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Biden Vows to Lead America Out of 'Season of Darkness'; 19 States Report COVID-19 Outbreaks at Colleges. Aired 12-1a ET

Aired August 21, 2020 - 00:00   ET



DON LEMON, CNN ANCHOR: Here we go. We know it is your favorite time of the evening, because look who's on your screen. It's Don Lemon and Christopher Cuomo. Welcome to our special coverage of the final night of the DNC. Joe Biden's, really, his biggest night of his half- century-long political career. Decades after his first attempt at the presidency, he came ready, Chris.


CHRIS CUOMO, CNN ANCHOR: He absolutely did. And this is a very stark contrast, a stark choice for Americans. It is a tale of two visions of what this country is about.

One is about anger, anger at change, a desire to bring us back to some place when the carnage will end. That's Trump's image of this country. Joe Biden gave you something very different tonight. He said, and I quote, "I will draw on the best of us, not the worst of us. I will be an ally of the light, not the darkness. And united, we will overcome this season of darkness. A very different vision of what this country could be about, certainly nothing like American carnage, Don.

LEMON: Yes. You know, my favorite thing that he said is what I've been trying to tell. I have someone in my life who is just, you know, everything this current president says he believes, even when I present him with the facts.

But what I said, I said -- I've been saying to him, what this current president has forgotten is that he is the president for all Americans, even Americans who don't support him or didn't vote for him.

And what Joe Biden promised tonight -- This is my favorite thing -- is that I'm going to be the president even for the people who didn't vote for me. That's an important part of the job.

As you know from your dad and from your brother, you have to be bigger than the office. Right? It's not about personal, about you personally. It's about the people you're supposed to serve. Am I wrong?

CUOMO: Absolutely. The office has to be bigger than you. That was the hope with Trump. That once he got in, he'd understand that the "we" has to supersede the "me." I just don't see the evidence that that has happened. Now, that is OK. He could still win again, because people may say, I

like what he is about. But, you know, I think that it is beyond question that what we need right now, no matter left, right, the only reasonable outcome is to pick the man who is best suited to lead us out of this pandemic.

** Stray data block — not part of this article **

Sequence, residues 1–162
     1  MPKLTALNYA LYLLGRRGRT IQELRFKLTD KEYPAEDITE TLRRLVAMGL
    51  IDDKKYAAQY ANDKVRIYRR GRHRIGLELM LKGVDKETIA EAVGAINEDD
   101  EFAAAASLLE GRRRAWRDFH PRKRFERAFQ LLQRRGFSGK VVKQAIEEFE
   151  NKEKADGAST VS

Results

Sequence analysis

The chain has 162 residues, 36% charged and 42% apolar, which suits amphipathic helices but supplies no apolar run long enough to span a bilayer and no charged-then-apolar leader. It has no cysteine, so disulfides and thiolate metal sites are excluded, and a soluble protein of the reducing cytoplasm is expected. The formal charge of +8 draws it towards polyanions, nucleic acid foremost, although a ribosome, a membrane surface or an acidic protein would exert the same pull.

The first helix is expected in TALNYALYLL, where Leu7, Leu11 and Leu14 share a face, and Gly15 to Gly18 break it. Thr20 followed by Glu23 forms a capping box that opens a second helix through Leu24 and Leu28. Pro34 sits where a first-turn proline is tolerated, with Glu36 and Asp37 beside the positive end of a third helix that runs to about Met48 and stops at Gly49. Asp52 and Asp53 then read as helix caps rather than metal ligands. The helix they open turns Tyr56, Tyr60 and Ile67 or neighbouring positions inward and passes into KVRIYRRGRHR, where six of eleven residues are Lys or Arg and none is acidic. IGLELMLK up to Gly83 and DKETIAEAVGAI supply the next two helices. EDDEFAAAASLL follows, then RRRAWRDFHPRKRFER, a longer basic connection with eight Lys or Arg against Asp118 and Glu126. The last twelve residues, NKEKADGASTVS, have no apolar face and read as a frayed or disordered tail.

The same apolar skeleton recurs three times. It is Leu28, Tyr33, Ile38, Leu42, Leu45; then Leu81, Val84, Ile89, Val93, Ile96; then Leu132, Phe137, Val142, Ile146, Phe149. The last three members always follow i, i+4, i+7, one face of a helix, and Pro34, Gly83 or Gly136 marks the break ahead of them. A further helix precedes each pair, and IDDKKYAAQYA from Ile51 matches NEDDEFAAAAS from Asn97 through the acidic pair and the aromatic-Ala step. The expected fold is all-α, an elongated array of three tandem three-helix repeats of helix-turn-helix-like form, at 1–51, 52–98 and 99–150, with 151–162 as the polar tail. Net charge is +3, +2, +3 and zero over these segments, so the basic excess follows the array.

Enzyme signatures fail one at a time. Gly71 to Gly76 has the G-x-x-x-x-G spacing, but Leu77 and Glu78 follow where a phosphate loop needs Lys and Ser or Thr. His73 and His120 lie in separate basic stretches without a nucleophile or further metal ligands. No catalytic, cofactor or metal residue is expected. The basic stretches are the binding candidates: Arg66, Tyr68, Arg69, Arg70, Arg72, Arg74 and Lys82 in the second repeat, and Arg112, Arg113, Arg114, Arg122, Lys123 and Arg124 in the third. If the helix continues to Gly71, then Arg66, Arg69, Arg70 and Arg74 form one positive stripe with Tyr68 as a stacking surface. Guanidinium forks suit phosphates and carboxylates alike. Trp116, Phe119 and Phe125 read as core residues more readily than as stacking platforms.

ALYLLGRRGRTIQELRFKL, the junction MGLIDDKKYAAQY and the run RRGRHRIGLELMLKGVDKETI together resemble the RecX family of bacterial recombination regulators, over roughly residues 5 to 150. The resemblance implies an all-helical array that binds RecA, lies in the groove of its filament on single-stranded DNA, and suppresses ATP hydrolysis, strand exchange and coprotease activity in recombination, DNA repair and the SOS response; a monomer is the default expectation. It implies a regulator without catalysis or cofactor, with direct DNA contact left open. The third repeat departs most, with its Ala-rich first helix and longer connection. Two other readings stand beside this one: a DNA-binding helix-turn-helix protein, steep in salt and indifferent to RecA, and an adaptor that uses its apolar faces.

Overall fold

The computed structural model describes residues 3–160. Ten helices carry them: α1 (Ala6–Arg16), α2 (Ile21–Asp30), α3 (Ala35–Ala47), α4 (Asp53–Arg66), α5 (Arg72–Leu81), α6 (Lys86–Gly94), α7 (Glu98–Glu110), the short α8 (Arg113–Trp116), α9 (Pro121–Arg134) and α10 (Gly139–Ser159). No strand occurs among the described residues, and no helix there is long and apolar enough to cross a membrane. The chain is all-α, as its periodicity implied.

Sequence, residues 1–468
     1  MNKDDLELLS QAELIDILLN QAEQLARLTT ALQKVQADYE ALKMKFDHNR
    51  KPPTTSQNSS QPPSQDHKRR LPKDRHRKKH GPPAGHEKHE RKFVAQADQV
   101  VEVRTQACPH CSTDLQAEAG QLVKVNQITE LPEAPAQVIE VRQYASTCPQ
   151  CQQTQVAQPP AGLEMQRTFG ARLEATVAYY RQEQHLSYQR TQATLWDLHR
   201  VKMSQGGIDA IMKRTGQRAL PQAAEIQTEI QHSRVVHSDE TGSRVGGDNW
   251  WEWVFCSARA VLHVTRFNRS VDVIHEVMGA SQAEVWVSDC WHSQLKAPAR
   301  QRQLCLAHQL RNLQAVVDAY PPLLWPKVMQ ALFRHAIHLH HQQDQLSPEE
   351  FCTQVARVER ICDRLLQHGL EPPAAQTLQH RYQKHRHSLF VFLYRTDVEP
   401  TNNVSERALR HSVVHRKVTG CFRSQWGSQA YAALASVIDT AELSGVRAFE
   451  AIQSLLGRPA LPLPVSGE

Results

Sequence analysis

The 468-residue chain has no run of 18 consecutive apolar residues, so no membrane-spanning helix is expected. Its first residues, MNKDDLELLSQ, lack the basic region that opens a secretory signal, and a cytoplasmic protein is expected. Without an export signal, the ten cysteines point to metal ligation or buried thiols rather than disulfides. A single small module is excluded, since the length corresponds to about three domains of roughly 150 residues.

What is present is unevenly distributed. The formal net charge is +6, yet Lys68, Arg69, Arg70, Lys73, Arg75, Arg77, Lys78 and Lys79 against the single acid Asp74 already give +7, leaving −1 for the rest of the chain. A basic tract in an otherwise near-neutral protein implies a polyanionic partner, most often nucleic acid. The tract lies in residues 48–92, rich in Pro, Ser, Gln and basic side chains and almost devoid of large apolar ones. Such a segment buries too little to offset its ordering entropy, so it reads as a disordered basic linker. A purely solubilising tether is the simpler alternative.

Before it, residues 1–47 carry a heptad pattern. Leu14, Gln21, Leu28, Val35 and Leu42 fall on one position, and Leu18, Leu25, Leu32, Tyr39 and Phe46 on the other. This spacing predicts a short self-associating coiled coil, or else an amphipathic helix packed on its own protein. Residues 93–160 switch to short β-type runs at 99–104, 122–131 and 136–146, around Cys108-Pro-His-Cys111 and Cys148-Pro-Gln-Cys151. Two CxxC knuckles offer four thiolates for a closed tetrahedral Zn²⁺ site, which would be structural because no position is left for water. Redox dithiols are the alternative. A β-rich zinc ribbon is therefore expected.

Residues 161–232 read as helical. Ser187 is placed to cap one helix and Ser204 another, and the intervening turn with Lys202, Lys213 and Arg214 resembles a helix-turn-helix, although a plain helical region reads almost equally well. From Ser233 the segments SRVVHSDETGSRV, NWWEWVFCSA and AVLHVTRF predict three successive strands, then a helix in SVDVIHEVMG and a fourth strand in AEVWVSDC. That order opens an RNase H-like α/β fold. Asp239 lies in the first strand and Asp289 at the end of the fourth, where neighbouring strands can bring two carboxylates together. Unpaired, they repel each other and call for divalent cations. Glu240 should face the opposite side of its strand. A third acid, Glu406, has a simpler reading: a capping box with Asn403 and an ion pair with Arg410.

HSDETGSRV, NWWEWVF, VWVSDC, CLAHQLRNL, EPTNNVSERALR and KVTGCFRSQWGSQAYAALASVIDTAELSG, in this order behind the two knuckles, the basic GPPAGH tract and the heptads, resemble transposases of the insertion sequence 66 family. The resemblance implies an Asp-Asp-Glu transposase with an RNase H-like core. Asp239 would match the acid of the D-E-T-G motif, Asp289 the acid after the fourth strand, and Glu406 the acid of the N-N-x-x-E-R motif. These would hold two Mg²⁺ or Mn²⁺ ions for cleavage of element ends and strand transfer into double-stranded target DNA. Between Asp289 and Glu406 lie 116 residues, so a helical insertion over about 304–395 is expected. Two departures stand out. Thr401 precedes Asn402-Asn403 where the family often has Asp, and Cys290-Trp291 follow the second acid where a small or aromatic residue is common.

LEMON: You've got it.

CUOMO: Did Joe Biden make the strongest case possible tonight that he is the one to do so? It was a long speech. We're going to give you lots of different pieces of it. Here's a big one.


JOE BIDEN (D), PRESIDENTIAL NOMINEE: The president keeps telling us the virus is going to disappear. He keeps waiting for a miracle. Well, I have news for him. No miracle is coming.

And after all this time, the president still does not have a plan. Well, I do. If I'm your president, on day one, we'll implement the national strategy I've been laying out since March. We'll develop and deploy rapid tests with results available immediately. We'll have a national mandate to wear a mask, not as a burden, but as a patriotic duty to protect one another. In short, we'll do what we should have done from the very beginning.

Our current president has failed in his most basic duty to the nation. He's failed to protect us. He's failed to protect America. And my fellow Americans, that is unforgivable.


LEMON: Hope over fear. Fact over fiction. Truth over lies. He says that a lot in his speeches, and I think that it rings true for the American people. I think the American people are tired of it, as you said. Some may still like what this president has to say, even in the middle of a pandemic that he's handled horribly.


But you cannot say that the current president is a truth teller. You cannot say that he traffics in fiction and lies and racism and all kinds of bigoted tropes. You cannot say that, because he does it every single day, and he was doing it today.

He also brought up Charlottesville. But go on. What did you want to say? Sorry about that.

CUOMO: I'm listening to you, brother. Go on.

LEMON: Yes. No, but I mean, he talked about. He brought up the reason -- he and his wife talked about why he got into this race. He said, you know, I'm not so sure I want to do it. I'm not so sure I want to do it.